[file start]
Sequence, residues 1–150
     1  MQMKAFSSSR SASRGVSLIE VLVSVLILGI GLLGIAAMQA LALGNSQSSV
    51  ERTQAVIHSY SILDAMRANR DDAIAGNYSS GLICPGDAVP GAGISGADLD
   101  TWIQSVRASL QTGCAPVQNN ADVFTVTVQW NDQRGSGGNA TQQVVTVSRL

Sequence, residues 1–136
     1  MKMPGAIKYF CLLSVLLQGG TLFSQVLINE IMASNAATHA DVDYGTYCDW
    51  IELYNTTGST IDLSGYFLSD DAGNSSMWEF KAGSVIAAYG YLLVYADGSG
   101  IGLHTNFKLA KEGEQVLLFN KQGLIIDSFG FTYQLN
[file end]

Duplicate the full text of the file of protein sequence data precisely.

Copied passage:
Sequence, residues 1–150
     1  MQMKAFSSSR SASRGVSLIE VLVSVLILGI GLLGIAAMQA LALGNSQSSV
    51  ERTQAVIHSY SILDAMRANR DDAIAGNYSS GLICPGDAVP GAGISGADLD
   101  TWIQSVRASL QTGCAPVQNN ADVFTVTVQW NDQRGSGGNA TQQVVTVSRL

Sequence, residues 1–136
     1  MKMPGAIKYF CLLSVLLQGG TLFSQVLINE IMASNAATHA DVDYGTYCDW
    51  IELYNTTGST IDLSGYFLSD DAGNSSMWEF KAGSVIAAYG YLLVYADGSG
   101  IGLHTNFKLA KEGEQVLLFN KQGLIIDSFG FTYQLN